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A federal judge in Ohio has ruled that the Centers for Disease Control and Prevention overstepped its authority when it banned evictions nationwide.
U.S. District Judge J. Philip Calabrese, who was nominated to the court by former President Donald Trump, sided with a group of property owners that had argued in October that the CDC lacked the power to ban them from evicting their tenants.
Landlords applauded the ruling.
“This decision makes clear that federal agencies can’t exercise power Congress has not given them,” Steve Simpson, a senior attorney at Pacific Legal Foundation, which represented the landlords, said in a statement. “Now our clients no longer have to provide housing for free.”
The CDC moratorium has been in place since September 2020 and prohibits evicting renters who are financially struggling because of the coronavirus pandemic. It’s scheduled to expire at the end of March.
Advocates said the decision out of Ohio could put vulnerable renters at risk of homelessness and undermine the country’s fight to control the virus.
“This order could immediately result in a flood of evictions of struggling renters resulting in increased spread of, and potentially deaths from, Covid-19,” said Diane Yentel, president and CEO of the National Low Income Housing Coalition. “The [Department of Justice] should immediately appeal and request a stay on the ruling.”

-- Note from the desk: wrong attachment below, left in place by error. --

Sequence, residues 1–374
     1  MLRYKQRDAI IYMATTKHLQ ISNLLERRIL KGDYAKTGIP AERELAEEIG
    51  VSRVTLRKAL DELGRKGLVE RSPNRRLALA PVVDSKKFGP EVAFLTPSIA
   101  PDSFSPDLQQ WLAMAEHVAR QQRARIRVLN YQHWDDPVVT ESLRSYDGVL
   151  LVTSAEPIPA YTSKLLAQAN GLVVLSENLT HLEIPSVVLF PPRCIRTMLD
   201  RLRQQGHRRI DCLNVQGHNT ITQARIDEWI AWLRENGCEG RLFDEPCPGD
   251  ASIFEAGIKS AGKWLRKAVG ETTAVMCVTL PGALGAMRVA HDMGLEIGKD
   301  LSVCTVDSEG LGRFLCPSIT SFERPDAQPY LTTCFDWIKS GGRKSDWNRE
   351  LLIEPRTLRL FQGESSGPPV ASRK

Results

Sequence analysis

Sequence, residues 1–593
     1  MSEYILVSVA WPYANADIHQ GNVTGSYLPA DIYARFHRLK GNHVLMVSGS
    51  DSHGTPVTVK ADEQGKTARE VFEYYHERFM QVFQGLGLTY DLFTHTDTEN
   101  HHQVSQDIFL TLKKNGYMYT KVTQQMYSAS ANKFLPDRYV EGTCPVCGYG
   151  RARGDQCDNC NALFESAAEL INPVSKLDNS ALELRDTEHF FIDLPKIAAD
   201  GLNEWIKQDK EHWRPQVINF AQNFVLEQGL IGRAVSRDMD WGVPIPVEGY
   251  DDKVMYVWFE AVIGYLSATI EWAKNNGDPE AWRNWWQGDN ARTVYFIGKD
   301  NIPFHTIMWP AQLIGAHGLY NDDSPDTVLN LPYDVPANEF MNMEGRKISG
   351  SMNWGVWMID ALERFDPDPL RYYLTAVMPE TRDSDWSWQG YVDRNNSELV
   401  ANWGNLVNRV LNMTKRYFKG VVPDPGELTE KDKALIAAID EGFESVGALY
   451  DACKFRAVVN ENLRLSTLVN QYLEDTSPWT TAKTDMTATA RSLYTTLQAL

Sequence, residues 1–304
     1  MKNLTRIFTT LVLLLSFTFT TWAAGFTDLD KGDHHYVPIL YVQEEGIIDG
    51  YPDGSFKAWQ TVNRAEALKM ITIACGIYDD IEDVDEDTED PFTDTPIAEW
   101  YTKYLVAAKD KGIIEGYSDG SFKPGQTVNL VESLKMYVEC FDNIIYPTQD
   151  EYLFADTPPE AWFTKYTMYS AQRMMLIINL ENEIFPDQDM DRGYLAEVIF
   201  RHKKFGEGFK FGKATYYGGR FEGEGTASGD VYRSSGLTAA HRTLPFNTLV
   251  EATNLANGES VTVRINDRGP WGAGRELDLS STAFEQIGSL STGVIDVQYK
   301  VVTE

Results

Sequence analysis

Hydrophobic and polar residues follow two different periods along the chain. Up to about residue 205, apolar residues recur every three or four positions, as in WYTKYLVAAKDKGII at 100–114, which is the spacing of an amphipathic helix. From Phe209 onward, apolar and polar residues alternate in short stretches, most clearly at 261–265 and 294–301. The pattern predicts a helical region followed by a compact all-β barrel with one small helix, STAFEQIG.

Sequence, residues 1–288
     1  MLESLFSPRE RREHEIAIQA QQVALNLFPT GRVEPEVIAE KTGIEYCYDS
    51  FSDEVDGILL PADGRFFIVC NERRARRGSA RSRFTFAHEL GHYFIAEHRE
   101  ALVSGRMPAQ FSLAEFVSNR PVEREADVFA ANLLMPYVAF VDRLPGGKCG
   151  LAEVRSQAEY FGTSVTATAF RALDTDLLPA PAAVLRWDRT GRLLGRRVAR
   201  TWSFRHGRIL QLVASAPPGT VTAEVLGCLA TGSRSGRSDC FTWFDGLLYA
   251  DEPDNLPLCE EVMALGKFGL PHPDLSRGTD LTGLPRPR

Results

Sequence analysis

Less than two weeks ago, another federal judge in Texas ruled that the CDC’s eviction moratorium is unconstitutional. The Department of Justice quickly announced that it would appeal that decision and said the CDC moratorium remained in effect.
The DOJ did not immediately respond to a request for comment on how it would respond to this ruling.
Law experts are currently undecided on the immediate implications of the Ohio ruling for tenants and landlords within the state and across the country.
Housing advocates pointed out that the decision is especially poorly timed, with more than $40 billion in rental assistance on the way to tenants from the stimulus package passed in December and the other expected to become law this month.
“Eroding eviction protections before rental assistance reaches those most at risk and just as we are approaching a turning point in the pandemic only undermines mitigation strategies and escalates the crisis, making recovery that much more untenable,” said Emily Benfer, a visiting professor of law at Wake Forest University.
One study found that 11% of renters in Ohio were at risk of eviction during the pandemic.
More than 980,000 people in Ohio have gotten the coronavirus, and more than 17,600 people have died from it there, including over 1,800 on Wednesday.